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The Mock Savior’s Song

also known as the Mobster Quadrille, after Lewis Carroll

Saving critters from extinction (lonely lovelies, prone and rare)
Is our calling. Gaia told us, “Save the toad with tufty hair!”
Our imperiled fuzzy buddies are our busy destiny—
Help preserve these coiffured croakers—will you come and hug a tree?
__Will you, won’t you, will you, won’t you, will you hug a tree?
__Will you, won’t you, will you, won’t you, won’t you hug a tree?

One was spotted on a bullrush (fleecy as a lacy lamb)
By a sky-high, pie-eyed tripper bouncing back from Amsterdam.
Join the green set glued to tarmac halting traffic for a toad.
Help us fight for hirsute hoppers—would you come and block the road?
__Would you, could you, would you, could you, would you block the road?
__Would you, could you, would you, could you, could you block the road?

Golden fields and silver rivers don’t belong in human hands
Now that swamp-reared, slimy betters are the gods of man-stained lands.
Come and bother breathing bozos robbing toads of precious air.
Splash red paint on truth and beauty. Trash a Rembrandt. Show you care.
__Can you, can’t you, can you, can’t you, can you show you care?
__Can you, can’t you, can you, can’t you, can’t you show you care?

Come and tear down all the horrors toxic patriarchies built.
Save the toad by spreading terror, torching dreams, and stoking guilt.
Free the earth from people poison. Pierce the pipeline. Damn the dam.
Frogs from bogs mean more than Granny. Come along and back our plan!
__Will you, won’t you, will you, won’t you, will you back our plan?
__Will you, won’t you, will you, won’t you rid the world of Man?

.

.

Dodo Stoofpot 

a 17th century recipe for disaster  
from a Dutch sailor’s diary

Pluck the plumage. Brine the game.
Souse the rump and score the breast.
Stoke the embers. Fan the flame.
Spritz the flesh with lemon zest.
Season with a feather hand—
Flightless fowls are never bland.

Bubble oil till Hades-hot.
Bone and bind. When stuffed and trussed,
Sizzle in the smoking pot.
Sear the skin to form a crust.
Braise and baste this lush, nutritious,
Moreish manna from Mauritius.

Glaze it with a splash of this.
Garnish with a sprig of that.
Serve it in a jus of bliss.
Shoo away the galley cat.
Feast and quaff and feast some more—
This isle is rife with birds galore!

Both poems first published in Snakeskin

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Susan Jarvis Bryant has poetry published on Lighten Up Online, Snakeskin, Light, Sparks of Calliope, and Expansive Poetry Online. She also has poetry published in TRINACRIA, Beth Houston’s Extreme Formal Poems anthology, and in Openings (anthologies of poems by Open University Poets in the UK). Susan is the winner of the 2020 International SCP Poetry Competition, and has been nominated for the 2022 Pushcart Prize.


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24 Responses

  1. fred schueler

    here’s another road ecology ditty from somewhere in Alberta in 2014, to the tune of “Why am I painting the livingroom?” (Kari Gunson is our coauthor on the wildlife-on-roads book https://eco-kare.com/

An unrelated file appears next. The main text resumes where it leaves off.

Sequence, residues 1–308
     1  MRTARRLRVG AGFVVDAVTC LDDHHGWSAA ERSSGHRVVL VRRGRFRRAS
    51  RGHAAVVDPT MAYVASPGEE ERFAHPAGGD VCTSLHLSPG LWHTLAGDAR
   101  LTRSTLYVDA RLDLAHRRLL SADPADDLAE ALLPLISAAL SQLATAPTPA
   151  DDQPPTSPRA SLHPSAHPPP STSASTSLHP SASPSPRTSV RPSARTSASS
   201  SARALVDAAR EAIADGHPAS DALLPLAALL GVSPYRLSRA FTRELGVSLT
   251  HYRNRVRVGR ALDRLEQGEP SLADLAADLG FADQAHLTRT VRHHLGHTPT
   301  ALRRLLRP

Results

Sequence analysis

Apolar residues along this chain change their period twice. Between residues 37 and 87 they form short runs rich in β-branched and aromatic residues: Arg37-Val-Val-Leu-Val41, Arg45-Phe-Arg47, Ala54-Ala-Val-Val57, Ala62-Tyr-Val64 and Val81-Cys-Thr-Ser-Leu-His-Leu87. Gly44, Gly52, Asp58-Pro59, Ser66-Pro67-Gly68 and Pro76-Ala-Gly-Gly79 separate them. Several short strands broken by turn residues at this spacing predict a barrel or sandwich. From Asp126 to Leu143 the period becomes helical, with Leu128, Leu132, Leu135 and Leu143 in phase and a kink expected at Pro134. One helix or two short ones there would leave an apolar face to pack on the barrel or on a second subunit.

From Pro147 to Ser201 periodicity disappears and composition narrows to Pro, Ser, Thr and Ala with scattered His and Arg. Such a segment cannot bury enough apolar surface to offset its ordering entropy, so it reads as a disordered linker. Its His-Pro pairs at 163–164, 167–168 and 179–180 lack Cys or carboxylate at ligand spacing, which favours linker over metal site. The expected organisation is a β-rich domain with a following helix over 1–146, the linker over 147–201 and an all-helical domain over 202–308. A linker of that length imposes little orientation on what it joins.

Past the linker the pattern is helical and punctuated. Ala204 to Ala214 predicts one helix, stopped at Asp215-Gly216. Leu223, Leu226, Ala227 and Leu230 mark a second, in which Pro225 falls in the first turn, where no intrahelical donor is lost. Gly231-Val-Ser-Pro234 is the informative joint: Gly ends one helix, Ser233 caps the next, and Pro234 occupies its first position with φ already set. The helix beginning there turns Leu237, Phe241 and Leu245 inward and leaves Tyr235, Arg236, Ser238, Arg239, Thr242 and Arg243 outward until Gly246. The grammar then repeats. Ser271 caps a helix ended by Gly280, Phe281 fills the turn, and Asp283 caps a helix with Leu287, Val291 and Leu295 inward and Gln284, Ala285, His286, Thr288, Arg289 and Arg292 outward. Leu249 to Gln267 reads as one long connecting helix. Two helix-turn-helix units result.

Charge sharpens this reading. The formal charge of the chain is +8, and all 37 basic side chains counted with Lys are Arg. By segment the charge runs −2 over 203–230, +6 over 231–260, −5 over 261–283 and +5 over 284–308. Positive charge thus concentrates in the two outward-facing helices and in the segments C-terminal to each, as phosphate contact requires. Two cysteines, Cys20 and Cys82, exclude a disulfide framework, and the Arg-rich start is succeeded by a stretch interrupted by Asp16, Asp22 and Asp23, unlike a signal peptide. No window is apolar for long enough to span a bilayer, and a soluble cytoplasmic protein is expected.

why am I waypointing dead Raccoons?
    why am I waypointing dead Raccoons?
    why am I waypointing dead Raccoons?
    it is so sad to see
    a splattered family,
    all across Highway 3
    but there’s no way Kari
    can find the funds to be
    working on a species
    that’s not at all risk-ily
    • why am I waypointing dead Raccoons?

    Reply
    • Susan Jarvis Bryant

      This is indeed a sad poem, Fred. There are two routes to take here. We can either shut down all roads and rid the planet of people in the interest of preserving more racoons, or we can take the Davy Crockett revolutionary route of culinary common sense during lean times. His recipe is printed below:

      Wild Frontier Fricassee
      from Davy Crockett’s Diary

      Two fresh raccoons as prime and plump
      As nature has allowed.
      Three onions and a chunky lump
      Of butter. One green cloud
      Of parsley. Five diced carrots.
      A feather from a finch.
      The chatter of two parrots.
      Opossum – just a pinch.
      Dark mole asses – one whole tin.
      A bit of this and that.
      Boil it up and save the skin
      To make a snazzy hat!

      Reply
      • fred schueler

        When we had a friend who was trapping Raccoons for the skins, he’d leave us the carcasses for specimen skeletons, and we found that if you used the spices specified in sausage recipes you got a very sausage-tasting product, so we ate almost nothing but Raccoon sausage for breakfast for an entire year.

        The alternative to shutting down the roads is what Kari Gunson does – facilitating wildlife crossing by overpasses or enhanced culverts

      • Susan Jarvis Bryant

        Fred, you never fail to surprise me. What an amazing story. I can’t say I’m tempted to eat a raccoon sausage, or fricassee, for that matter, but I am intrigued by the Kari Gunson concept. As I said to Roy below, I am all for preserving our wildlife and keeping the environment clean, but never at the expense of human life. Fred, thank you very much for your interesting input.

  2. Roy Eugene Peterson